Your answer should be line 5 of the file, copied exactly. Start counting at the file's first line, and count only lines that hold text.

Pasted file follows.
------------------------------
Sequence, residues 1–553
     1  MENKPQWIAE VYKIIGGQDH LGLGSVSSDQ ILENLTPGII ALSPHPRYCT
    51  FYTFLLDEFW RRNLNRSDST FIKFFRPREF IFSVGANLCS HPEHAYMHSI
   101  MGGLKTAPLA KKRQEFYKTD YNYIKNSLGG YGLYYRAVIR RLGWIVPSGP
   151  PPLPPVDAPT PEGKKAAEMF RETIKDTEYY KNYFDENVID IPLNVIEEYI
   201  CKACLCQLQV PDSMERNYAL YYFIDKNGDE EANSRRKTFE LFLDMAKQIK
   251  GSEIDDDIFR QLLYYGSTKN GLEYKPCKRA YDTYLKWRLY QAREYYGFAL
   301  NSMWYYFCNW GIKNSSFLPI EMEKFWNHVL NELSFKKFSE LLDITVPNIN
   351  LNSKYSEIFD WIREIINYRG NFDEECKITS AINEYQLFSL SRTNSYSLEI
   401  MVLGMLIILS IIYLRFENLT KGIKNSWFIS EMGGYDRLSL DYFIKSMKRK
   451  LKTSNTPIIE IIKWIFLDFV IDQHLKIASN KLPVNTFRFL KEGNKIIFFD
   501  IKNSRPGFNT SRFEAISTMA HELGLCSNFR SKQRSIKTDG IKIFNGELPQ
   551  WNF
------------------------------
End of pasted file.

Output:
   151  PPLPPVDAPT PEGKKAAEMF RETIKDTEYY KNYFDENVID IPLNVIEEYI